Asking if music can sound queer is like asking whether certain individuals sound queer. What does that even mean, "sound queer"? Queer artists certainly make queer work simply by identity association, but is that all there is? Robyn, for example, is a modern queer music icon whose songs populate mix after mix, club after club, and dive bar and house party playlists alike, but her music isn't necessarily queer. Same goes for Hercules & Love Affair, Andy Butler's dance music collective, which makes similar music with similarly dark themes that feel (and sound) decidedly more queer than their peers. Is it because Butler himself is gay, or is that just par for the queer course?
The reality is, of course, Hercules & Love Affair's oeuvre has its roots in disco and European house, two scenes that are intrinsic to queer history and queer community, specifically club culture. Both genres align themselves with the community, serving as escapes from hatred of and violence against marginalized groups of people. Omnion, Hercules & Love Affair's new album, takes that escapist mentality and embraces life's hardships head-on through 11 songs of expertly composed and layered, danceable productions. But just because they're escapist, doesn't mean that Butler isn't afraid to be confrontational when it comes to living his truth.
"It was a little bit aggressive at moments," Butler tells me about his coming out. "I didn't have much interest in hiding anymore; by the time I was out, I felt like I had just been chased into the closet so much that when I was ready to be out, I was out." That, of course, permeated the music Butler began making under the moniker Hercules & Love Affair. Songs like "Blind' and "You Raise Me Up" are both triumphant dance songs that bring the listener through a ringer of deeply personal and sobering emotions. "I do feel like this record is a lot more about finding my humanity and the stuff that makes me just like everyone else."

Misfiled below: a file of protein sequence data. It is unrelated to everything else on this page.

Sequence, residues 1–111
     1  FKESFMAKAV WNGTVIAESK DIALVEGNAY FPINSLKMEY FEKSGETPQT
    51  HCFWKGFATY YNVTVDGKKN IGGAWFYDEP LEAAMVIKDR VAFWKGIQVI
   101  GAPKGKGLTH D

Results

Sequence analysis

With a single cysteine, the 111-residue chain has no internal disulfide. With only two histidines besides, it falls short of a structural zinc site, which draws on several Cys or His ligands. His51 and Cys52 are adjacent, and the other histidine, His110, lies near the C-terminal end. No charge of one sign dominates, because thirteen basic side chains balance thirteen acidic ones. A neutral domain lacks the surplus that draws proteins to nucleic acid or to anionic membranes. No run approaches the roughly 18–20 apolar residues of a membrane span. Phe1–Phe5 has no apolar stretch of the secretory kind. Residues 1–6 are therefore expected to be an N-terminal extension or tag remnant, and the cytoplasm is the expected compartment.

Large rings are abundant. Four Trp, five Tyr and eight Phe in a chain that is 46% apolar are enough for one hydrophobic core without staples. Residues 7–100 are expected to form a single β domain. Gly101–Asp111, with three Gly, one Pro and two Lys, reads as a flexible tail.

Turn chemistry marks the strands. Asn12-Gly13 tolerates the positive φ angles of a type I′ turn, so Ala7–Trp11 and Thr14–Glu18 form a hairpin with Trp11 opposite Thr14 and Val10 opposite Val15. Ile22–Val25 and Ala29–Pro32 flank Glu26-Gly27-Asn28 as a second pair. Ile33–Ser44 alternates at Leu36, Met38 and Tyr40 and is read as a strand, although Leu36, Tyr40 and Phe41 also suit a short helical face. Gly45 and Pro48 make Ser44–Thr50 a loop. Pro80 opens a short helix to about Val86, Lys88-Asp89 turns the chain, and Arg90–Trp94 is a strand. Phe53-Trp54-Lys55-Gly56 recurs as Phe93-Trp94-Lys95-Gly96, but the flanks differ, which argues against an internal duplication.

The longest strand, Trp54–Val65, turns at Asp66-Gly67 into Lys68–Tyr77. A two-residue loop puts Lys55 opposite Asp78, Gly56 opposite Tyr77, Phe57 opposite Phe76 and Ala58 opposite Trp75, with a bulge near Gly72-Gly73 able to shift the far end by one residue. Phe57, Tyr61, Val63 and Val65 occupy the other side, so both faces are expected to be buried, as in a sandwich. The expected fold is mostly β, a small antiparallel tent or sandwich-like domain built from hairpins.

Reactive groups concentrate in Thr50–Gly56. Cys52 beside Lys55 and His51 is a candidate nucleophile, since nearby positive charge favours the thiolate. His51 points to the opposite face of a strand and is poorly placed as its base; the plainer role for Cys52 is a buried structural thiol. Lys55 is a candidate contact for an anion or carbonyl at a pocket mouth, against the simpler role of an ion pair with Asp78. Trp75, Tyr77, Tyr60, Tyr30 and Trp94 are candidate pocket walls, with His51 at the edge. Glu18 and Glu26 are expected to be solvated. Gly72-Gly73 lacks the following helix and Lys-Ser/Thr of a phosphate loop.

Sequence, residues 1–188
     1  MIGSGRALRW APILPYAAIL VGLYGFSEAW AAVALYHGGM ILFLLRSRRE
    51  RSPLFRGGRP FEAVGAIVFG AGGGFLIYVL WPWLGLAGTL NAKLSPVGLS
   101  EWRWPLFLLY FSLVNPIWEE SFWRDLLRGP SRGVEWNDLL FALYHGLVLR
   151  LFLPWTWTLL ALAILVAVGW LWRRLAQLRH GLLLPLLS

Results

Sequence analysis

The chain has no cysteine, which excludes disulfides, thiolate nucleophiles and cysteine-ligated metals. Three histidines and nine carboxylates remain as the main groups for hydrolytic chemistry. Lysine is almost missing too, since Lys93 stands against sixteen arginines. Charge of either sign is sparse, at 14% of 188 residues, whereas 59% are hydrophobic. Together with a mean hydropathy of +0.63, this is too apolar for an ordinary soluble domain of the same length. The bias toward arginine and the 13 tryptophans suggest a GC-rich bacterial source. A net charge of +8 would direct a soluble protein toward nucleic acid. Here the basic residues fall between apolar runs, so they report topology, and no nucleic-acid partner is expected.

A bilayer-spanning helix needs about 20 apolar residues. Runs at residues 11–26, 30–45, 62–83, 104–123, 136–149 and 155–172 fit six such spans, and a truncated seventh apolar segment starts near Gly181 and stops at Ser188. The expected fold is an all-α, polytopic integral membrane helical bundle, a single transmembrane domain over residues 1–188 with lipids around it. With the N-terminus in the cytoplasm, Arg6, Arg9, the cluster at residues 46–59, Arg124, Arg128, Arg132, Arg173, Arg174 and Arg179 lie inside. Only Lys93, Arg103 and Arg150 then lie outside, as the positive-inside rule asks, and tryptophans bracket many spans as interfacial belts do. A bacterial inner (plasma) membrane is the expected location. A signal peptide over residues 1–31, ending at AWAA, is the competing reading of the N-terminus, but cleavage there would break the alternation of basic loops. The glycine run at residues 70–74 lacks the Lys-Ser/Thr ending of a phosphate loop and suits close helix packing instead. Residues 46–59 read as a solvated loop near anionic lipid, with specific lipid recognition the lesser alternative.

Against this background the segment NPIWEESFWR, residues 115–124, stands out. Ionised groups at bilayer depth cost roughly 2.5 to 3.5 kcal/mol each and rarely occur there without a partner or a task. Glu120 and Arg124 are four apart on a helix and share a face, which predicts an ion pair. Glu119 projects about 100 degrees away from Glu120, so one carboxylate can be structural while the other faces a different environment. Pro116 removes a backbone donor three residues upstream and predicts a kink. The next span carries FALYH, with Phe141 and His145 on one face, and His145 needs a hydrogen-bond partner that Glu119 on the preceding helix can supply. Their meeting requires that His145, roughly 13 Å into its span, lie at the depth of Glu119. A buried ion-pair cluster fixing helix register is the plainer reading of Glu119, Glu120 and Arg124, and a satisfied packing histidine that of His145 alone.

Omnion explores how humans relate to and empathize and ostracize one another outside of identity signifiers like sexuality. "Rejoice," one of the album's most celebratory tracks, is brought to life by frequent H&LA collaborator Rouge Mary, who elevates the industrial disco vibe to new gospel heights. Butler calls it one of the more spiritual songs off of the album, bent on shaking off a day's worth of microaggressions and bullshit. "'Pick yourself up'—I love that message," he says.
Picking yourself up is a theme that thumps throughout Omnion. From the political allusions of "Running" to Butler's confessional (and cathartic) "Fools Wear Crowns," the search for betterment isn't merely a suggestion here, it's a necessity. Butler tells me "International" by Orchestral Manoeuvres in the Dark was the starting point for many of the songs on Omnion, which makes sense as "International," like Omnion's "Epilogue" and the startling drama of "Lies," plays out more like a lullaby than a dance floor shaker. They're about seeking comfort, and pausing in truth. With eyes to the skies and feet planted firmly on the ground, Butler's Omnion exists in a world all its own, colorful and daunting. "The world is broken," he says. "What are we going to do about it and how can we process this brokenness in the midst of it all?" It's the search for one's place in their own story that rings loudest of all. If anything, even temporarily, that place can be found under the flashing lights, dancing with a community that supports you—a chosen family—to the sounds of Hercules & Love Affair.
Omnion drops September 1 (via Beat Beat Records).